“There is no doubt second homeowners are spending money in the town and supporting our independent shops, but the demand for second homes has pushed the prices of houses and flats way out of the reach of a lot of young people and families. Many retail and hospitality jobs in Whitby pay the national minimum wage. It is nowhere near enough to be able to afford to buy a property here, let alone the rental stock.”

Duncan has worked in the shop for 22 years, having relocated from London in 2000 with her partner, who is from the area.

“There is definitely a buzz about Whitby. Weekend events such as the bi-annual Goth Weekend, Musicport, Whitby Folk Week and the Fish and Ships Festival keep the town vibrant and welcome different audiences. Although great for businesses in Whitby, it can also be a strain on the infrastructure of this small town. Parking is always an issue and just the sheer numbers of people.”

One of the town’s biggest draws is Whitby Abbey – and the 199 steps that lead up to it. Referenced in Bram Stoker’s Dracula, which was published 125 years ago, the abbey welcomed in the region of 130,000 visitors last year.

The famous landmark remains open throughout winter, when the colder months lend a literal chill to the town’s Gothic associations, but there is also a push from the Yorkshire Coast Business Improvement District to show there is plenty to do in the area throughout the year.

“Whitby is a very vibrant town with some incredible businesses catering to all types of people and needs. We have placed a focus on supporting events such as the Whitby Krampus Run, the Whitby Ice Rink and Winter Fest. These events allow us to help drive footfall at a quieter time of the year, ensuring businesses have a continual steam of customers and patrons,” says Clive Rowe-Evans, chair of the Yorkshire Coast BID, which was created to promote towns Whitby, Bridlington and Hornsea, and the villages in between.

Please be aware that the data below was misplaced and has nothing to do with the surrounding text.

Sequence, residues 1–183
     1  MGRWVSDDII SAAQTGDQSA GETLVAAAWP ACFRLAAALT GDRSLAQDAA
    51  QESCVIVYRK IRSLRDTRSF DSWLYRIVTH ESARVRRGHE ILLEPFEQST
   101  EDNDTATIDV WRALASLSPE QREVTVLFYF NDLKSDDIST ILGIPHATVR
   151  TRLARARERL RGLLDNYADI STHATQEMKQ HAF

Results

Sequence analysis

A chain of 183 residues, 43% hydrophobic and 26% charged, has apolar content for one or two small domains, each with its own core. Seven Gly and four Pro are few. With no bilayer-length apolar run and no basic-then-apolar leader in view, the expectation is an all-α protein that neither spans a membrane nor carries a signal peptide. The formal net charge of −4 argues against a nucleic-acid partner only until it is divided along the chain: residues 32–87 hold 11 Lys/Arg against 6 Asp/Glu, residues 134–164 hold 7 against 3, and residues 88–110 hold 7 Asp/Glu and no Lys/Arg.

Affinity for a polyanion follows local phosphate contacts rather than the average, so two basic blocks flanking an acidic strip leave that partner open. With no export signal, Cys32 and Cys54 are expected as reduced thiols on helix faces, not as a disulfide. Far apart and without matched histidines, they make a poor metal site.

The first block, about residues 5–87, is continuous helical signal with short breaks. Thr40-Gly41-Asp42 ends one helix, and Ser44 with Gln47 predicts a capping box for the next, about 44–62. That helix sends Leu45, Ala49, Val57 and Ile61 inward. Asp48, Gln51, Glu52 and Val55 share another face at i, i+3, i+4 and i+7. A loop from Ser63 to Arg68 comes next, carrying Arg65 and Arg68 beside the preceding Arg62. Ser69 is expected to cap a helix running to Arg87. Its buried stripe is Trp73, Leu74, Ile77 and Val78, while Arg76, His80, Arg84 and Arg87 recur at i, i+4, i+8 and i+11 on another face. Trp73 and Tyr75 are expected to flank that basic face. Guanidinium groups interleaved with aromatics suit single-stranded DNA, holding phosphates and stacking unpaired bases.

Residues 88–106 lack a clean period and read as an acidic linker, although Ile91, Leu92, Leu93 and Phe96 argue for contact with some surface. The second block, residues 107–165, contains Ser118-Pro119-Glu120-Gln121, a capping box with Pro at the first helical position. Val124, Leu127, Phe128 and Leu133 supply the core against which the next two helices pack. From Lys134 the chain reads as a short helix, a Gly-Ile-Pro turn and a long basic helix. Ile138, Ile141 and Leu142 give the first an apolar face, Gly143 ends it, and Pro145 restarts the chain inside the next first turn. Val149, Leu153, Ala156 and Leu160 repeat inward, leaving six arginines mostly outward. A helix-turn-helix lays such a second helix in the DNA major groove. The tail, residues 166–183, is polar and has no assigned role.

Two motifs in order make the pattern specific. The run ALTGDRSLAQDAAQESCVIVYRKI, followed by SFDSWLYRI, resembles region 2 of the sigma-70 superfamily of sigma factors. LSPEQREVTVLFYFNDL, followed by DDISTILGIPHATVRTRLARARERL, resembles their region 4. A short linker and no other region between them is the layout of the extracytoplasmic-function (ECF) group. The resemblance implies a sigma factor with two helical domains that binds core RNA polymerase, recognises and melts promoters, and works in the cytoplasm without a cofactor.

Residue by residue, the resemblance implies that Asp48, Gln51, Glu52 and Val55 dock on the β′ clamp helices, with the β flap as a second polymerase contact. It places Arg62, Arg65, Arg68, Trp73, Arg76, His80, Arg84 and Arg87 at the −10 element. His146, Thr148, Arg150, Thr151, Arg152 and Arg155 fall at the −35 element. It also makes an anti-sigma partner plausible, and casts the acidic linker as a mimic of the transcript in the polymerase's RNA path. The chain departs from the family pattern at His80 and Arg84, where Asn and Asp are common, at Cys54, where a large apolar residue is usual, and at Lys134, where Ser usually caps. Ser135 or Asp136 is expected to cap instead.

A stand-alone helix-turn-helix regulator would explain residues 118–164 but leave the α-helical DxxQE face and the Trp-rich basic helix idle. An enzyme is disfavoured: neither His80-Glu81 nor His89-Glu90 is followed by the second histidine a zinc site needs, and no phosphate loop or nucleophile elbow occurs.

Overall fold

“Being an attractive and much-loved town means that at times Whitby can attract a very high footfall during peak season, but face a lull during the quieter months. This can place a strain on businesses that are dependent on footfall all year round,” adds Rowe-Evans.

To combat this, the BID is focusing on investing in projects that are less event oriented.

“One of the projects in Robin Hood’s Bay for example was funding a new defibrillator in an area that didn’t have it, to ensure it is as safe and accessible as possible. In Bridlington, we have been working on a security scheme that helps connect businesses to the police for efficient crime reporting, bringing attention to crime in more rural areas,” he says.

“We want the Yorkshire coast to be a destination that attracts people both long term and for short visits, and the key to this is ensuring it’s an accessible destination with all of the relevant and needed infrastructure in place.”